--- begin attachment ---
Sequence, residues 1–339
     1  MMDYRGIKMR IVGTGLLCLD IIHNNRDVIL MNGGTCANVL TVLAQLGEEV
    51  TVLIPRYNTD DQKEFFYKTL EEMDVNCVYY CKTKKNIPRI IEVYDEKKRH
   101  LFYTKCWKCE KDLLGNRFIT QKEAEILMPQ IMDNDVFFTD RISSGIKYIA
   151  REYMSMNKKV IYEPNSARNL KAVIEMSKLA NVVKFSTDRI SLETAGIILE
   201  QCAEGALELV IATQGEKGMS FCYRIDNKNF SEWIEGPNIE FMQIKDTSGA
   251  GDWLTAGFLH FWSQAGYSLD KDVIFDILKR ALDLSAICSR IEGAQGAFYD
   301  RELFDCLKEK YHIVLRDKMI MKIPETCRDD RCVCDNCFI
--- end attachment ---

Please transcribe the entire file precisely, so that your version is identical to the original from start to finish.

Sequence, residues 1–339
     1  MMDYRGIKMR IVGTGLLCLD IIHNNRDVIL MNGGTCANVL TVLAQLGEEV
    51  TVLIPRYNTD DQKEFFYKTL EEMDVNCVYY CKTKKNIPRI IEVYDEKKRH
   101  LFYTKCWKCE KDLLGNRFIT QKEAEILMPQ IMDNDVFFTD RISSGIKYIA
   151  REYMSMNKKV IYEPNSARNL KAVIEMSKLA NVVKFSTDRI SLETAGIILE
   201  QCAEGALELV IATQGEKGMS FCYRIDNKNF SEWIEGPNIE FMQIKDTSGA
   251  GDWLTAGFLH FWSQAGYSLD KDVIFDILKR ALDLSAICSR IEGAQGAFYD
   301  RELFDCLKEK YHIVLRDKMI MKIPETCRDD RCVCDNCFI